"Okay." Jeanette sat down and tried to process everything. Don's bad news was about the best thing she could have heard.
"You don't look too upset," he noted as he sat down. Dare he hope, he wondered, that she would agree to stay around for the next couple of days? Not that she had much choice, but he worried she'd need or want to leave. He'd be able to get back to work; that was never a problem, no matter the weather. He still had today and tomorrow and part of Christmas Eve before he needed to leave, though, and he wanted to spend that time with Jeanette.
"I'm not," she admitted, then laughed as the tension left her with the admission. "I was just thinking that as much as I wanted to go yesterday, I want to stay now."
"You do?" He grinned. "So I didn't scare you off?"
She shook her head. "No, you certainly didn't scare me off." She looked him in the eye. "You did quite the opposite." Jeanette lowered her head and made a pretense of searching through her purse as she tried to think of what to say next. She sighed with relief when Joel came in and saved her the trouble.
"Morning, Jeanette. Morning, Don." Joel stomped the snow off his boots and shook out his scarf.
"Good morning," said Jeanette. "How bad is it out there?"
"Oh, not really so bad," said Joel as he dove for the coffee. "They've got the streets reasonably clear, but flights are delayed left and right." He gestured at Don with his cup. "I can probably handle everything myself, today. Most jobs have been canceled since people either can't leave or won't get here."
Don smiled to himself; although he felt badly for the stresses on holiday travelers, he was glad to have his day suddenly free.
Joel downed his coffee and got another cup. "Excuse me, I need to go straighten out the logs and schedule. Jeanette, you're welcome to stay as long as you need to."
"Thanks, Joel." He waved a hand as he went to the den and through to a smaller room behind it that he used as an office.
"Well, since I don't have to work and you don't have to cancel credit cards, what do you say to going out and getting some Christmas cheer?" Don asked. "Need to buy any presents?"
Jeanette shook her head. "No, I bought everything early and shipped it to my sister so I wouldn't have to take things on the plane or drag them with me in the car. I'd like to go out, though."
Don stood up and put his cup in the sink, then held a hand out for her. She took it and squeaked a laugh when he pulled her into a hug. "Bundle up," he said with a kiss.
Jeanette snuggled against him as they walked along the sidewalk, enjoying his warmth and the kisses he dropped every so often on the top of her head. She wondered how it was possible to feel so good with someone she hardly knew, then decided to put it up to Christmas and forget about it. Whatever they had wouldn't last long—she knew she'd have to arrange to leave at some point—so she would enjoy it while she could.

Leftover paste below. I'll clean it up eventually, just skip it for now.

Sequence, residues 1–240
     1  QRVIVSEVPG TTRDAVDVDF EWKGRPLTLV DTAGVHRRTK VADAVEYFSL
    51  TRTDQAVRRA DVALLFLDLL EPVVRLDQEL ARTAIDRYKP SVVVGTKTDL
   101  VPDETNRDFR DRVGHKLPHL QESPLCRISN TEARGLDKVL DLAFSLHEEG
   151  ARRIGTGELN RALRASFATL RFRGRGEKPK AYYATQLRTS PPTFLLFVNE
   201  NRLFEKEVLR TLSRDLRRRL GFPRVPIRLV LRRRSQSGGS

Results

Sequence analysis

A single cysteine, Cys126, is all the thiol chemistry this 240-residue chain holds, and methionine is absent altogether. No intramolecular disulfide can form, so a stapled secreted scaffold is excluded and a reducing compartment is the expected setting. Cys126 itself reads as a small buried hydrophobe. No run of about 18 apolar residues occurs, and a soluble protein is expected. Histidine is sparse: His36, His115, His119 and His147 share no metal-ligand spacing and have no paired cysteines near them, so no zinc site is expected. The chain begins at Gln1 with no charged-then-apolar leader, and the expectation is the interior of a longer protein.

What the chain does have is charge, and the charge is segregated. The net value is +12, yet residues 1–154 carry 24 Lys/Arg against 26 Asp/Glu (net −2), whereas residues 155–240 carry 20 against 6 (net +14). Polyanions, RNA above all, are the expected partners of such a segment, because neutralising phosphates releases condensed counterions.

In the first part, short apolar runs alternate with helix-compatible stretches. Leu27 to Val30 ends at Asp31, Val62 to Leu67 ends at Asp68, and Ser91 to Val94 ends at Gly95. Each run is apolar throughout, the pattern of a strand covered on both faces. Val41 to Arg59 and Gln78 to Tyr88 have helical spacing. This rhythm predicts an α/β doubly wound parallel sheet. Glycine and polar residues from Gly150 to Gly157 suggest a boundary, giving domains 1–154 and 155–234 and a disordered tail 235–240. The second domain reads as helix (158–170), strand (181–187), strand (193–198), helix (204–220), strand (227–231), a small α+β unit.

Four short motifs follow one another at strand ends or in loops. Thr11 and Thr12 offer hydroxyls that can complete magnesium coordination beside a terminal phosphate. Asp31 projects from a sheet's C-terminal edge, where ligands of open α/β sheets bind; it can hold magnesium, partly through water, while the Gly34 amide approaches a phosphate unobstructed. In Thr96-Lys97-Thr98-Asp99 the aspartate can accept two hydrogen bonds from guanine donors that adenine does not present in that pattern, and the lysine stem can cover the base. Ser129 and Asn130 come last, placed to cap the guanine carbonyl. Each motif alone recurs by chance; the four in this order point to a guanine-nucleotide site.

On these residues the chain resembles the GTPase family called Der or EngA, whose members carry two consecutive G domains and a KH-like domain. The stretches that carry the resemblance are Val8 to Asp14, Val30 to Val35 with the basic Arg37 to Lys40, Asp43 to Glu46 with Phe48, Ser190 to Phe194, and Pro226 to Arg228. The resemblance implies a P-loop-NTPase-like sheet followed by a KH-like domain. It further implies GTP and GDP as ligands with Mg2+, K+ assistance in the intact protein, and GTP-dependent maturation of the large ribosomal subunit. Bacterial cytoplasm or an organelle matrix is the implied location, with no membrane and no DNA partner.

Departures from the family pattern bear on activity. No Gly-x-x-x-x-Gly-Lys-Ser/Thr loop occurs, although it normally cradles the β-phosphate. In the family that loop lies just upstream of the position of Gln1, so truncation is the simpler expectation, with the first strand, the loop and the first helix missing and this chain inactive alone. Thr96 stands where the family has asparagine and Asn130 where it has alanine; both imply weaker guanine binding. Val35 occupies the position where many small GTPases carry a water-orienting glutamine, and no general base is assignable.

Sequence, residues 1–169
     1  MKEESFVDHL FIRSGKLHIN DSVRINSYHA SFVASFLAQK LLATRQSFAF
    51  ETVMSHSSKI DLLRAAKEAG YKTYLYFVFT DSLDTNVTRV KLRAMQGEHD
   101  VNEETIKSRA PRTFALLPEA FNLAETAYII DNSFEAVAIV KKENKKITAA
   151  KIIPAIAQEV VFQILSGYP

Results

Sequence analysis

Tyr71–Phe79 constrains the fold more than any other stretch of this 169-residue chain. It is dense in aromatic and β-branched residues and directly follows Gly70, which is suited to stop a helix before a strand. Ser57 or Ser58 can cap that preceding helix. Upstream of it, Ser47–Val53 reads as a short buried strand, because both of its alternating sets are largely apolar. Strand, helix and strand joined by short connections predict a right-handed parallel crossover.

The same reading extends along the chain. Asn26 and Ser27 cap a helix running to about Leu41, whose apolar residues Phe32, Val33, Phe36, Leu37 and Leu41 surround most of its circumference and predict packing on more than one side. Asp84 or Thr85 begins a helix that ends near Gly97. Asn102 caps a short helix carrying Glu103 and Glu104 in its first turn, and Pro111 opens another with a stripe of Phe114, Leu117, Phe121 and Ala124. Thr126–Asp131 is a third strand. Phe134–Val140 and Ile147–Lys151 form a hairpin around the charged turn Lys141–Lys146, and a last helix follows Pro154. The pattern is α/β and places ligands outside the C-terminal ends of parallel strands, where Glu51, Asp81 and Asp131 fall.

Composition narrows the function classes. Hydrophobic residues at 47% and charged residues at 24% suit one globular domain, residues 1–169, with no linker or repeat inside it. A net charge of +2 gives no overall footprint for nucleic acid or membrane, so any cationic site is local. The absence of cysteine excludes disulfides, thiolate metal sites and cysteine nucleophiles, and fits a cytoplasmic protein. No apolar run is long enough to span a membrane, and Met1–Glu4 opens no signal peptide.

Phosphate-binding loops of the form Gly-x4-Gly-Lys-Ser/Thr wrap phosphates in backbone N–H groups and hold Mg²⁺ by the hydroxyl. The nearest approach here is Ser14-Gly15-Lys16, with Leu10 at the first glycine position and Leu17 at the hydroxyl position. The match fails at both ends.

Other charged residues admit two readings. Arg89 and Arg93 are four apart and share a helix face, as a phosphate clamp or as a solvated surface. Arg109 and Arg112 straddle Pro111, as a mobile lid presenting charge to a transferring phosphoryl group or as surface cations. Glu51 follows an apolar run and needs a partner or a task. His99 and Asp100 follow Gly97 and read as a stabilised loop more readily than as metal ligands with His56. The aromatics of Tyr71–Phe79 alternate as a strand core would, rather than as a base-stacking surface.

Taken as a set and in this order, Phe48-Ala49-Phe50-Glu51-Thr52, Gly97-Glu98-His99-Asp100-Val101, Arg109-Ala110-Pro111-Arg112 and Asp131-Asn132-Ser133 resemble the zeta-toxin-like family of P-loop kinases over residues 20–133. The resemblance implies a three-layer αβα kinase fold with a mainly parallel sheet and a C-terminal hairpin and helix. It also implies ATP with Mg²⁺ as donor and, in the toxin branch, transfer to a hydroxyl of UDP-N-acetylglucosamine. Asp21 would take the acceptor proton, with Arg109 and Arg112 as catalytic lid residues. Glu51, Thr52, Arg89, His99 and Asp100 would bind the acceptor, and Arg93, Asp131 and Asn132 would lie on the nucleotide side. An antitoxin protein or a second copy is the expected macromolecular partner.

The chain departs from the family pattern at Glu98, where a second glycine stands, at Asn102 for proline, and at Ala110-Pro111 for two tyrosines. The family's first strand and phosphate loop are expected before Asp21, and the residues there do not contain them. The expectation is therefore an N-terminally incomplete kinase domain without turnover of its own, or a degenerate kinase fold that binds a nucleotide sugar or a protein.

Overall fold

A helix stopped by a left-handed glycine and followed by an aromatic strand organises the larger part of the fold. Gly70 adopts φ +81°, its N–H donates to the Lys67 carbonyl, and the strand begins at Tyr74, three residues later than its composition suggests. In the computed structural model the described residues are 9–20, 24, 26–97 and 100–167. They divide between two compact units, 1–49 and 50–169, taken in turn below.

They debated restaurants as they walked along, not sure what they were in the mood for. As they stopped outside one and studied the menu, she felt Don tense.
"What's wrong?" She turned and looked at him curiously.
"Ah, nothing. Just ... just don't like the menu." His face looked green.
Puzzled, Jeanette turned back and studied the offerings, not seeing anything too out of the ordinary. There was a venison stew, which one didn't often see, but that was hardly very exotic, especially in a hunting state like Minnesota. She shrugged.
"That's fine, they look crowded anyway." She put a hand on his arm. "Don, you okay?"
"What? Yeah." He shook his head and took her hand as they resumed their walk. "Sorry. The venison caught me off guard." He shuddered and hoped she didn't notice.
Jeanette nodded in agreement and scrunched up her nose. He couldn't help but laugh. "I couldn't eat that, either," she said. "It would be like having Bambi for dinner." Don was glad when she spied a Japanese restaurant.
"Perfect," he said as he opened the door. "It wouldn't be Christmas without sushi."
They settled in and warmed up over tea and sake, making idle small talk for a bit, then going comfortably silent as they waited for the food. Don studied her, wondering what she was thinking, and wishing for the first time in a long time that he didn't have to work this year. Curiosity got the better of him.
"What are you thinking over there, blue eyes?"
She dropped her eyes and smiled shyly. "I was wondering if I could impose on you all and stay for Christmas." She sighed and looked up; the lights caught her eyes, made them sparkle, and Don knew he was in love. "I shouldn't, I know, but despite how it all started, this is the nicest time I've had in ages."
"I'm sure they wouldn't mind." His stomach twisted with what he had to say next. "I won't be here for the day, though. I need to work."